Message from Kairos for Christmas 2014

KAIROS Canada unites eleven churches and religious organizations in faithful action for ecological justice and human rights.

A message from Kairos this Christmas.

December 17, 2014 at 9:45 pm Leave a comment

Shakespeare Had it Right

This morning I posted over at Canadian Writers Who Are Christian as I usually do once a month. Here it is:

In his time, William Shakespeare knew a thing or two about the stage, but curiously, a thing or two about life as well. He wrote:

All the world’s a stage,
And all the men and women merely players;
They have their exits and their entrances,
And one man in his time plays many parts,
His acts being seven ages.

You may not think you’re on a stage, but really you are. While you might not be acting to earn your wages, people still watch what you do, how you behave.

Think of all the people who have been part of your life for a short or long time. Friends who seemed to disappear from your circle when they moved away or when life circumstances changed for one of you and you were no longer able to spend time together. Or a friend died and you seemed cut off from the family since you were merely a friend and not family. Many exits and entrances indeed. 

Read more here.

cradle Bethlehem

May God give you much peace and joy this season in the middle of wherever you find yourself.

December 12, 2014 at 3:32 pm Leave a comment

Advent Means the Coming

Today— November 30th— is the first day of Advent, a season in the Christian church year that begins four Sundays before Christmas. Advent means “the coming” (Latin, adventus, arrival), according to the Canadian Oxford Dictionary, or “Second Coming” of Christ. The third meaning refers to an important person or thing.

Advent, in the western Christian world, begins usually the last Sunday in November and “counts down” the days until Christmas, not with chocolate and mini toys, but pieces of the story.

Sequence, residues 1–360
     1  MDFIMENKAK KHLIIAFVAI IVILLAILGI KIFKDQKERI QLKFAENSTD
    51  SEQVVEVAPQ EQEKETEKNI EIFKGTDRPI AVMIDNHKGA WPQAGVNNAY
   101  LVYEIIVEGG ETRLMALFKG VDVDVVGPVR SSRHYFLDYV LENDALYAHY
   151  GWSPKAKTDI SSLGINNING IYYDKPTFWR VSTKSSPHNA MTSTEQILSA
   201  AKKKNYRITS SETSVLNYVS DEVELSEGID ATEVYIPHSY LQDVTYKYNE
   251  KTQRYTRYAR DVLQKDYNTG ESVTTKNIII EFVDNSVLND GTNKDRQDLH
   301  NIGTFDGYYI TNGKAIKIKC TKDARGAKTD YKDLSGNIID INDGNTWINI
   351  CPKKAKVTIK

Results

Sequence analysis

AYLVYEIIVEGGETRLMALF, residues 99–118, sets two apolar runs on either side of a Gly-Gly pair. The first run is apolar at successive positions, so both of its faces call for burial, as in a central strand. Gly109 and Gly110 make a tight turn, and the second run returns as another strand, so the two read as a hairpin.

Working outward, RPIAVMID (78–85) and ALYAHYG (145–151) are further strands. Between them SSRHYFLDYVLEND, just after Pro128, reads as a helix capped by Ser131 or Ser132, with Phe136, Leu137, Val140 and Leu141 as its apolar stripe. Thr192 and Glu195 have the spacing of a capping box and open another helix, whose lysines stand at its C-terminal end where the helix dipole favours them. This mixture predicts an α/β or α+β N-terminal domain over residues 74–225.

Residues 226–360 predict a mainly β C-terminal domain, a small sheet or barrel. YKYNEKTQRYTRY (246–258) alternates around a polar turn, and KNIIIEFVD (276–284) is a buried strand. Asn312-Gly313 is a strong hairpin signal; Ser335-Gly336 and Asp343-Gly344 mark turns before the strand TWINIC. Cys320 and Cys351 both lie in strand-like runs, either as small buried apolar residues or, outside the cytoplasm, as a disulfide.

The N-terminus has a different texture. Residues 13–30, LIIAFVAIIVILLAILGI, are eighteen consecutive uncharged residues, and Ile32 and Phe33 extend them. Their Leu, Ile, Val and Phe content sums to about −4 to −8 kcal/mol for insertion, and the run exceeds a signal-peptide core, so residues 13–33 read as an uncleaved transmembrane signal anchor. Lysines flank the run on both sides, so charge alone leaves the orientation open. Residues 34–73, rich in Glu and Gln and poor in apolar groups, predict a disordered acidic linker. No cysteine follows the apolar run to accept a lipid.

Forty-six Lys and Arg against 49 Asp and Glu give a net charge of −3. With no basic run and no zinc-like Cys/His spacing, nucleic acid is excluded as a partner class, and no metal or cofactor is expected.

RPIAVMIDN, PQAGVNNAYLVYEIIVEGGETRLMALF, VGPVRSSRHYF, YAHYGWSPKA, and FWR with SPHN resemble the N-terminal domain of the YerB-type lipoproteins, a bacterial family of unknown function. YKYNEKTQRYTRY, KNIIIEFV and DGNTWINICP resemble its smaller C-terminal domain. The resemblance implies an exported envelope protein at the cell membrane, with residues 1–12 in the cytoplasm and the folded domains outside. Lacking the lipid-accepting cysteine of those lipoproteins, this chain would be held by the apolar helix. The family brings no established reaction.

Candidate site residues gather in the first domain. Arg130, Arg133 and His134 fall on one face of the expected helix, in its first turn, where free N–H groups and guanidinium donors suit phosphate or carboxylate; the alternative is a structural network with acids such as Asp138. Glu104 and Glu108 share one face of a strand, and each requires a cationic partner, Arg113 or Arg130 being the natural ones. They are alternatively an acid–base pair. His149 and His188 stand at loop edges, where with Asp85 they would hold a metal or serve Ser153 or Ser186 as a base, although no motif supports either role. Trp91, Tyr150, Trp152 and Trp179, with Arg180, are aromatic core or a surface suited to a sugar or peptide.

DFP-Advent-Calendar-Collage           AC106p14-7Adve.Cal_

Advent represents the long wait that people had in biblical times for the Saviour’s coming, which our church marks in those four Sundays. Advent calendars come in  a wide variety of forms and designs, but the original, I believe, would have had a Bible verse or part of the story that precedes the birth of Christ, behind little windows that a child can open to read the store, one piece at a time. The original intent was in learning the story and counting the “sleeps” until Christmas, since small children’s time concepts are different than that of an adult.

In a different fashion, the Advent wreath marks those four Sundays from the end of November to Christmas. We light one candle at a time and ponder the wait that people had in dark times, reminding us of the light that Jesus represents for us.

In my primary Sunday School class last week, just a bit ahead of the season, we talked about how a person shares good news and what it means to receive good news. I told the story about John the Baptist in the wilderness (Mark 1:1-8) spreading the news of Christ’s coming and reminding people to get ready for him. We also considered what would be good news of people of Jesus’ time as well as in our own lives.

Over the Advent season, I’ll share occasional glimpses of the story unfolding. So watch for it.

Here’s another image you can share with a child from All Saints Press. Or find one in a store and post it at home and mark the days and the story that unfolded that long-ago time that we still celebrate today.


November 30, 2014 at 2:33 pm Leave a comment

Psychology about shopping– and it’s time to shop

Since people are shopping and planning for Christmas, this might be a good time to share this article that Cathy Mendler, fellow newsletter writer, put up this week. It’s not her article but she too was looking for a way to help her readers get organized. She is an organizer, after all.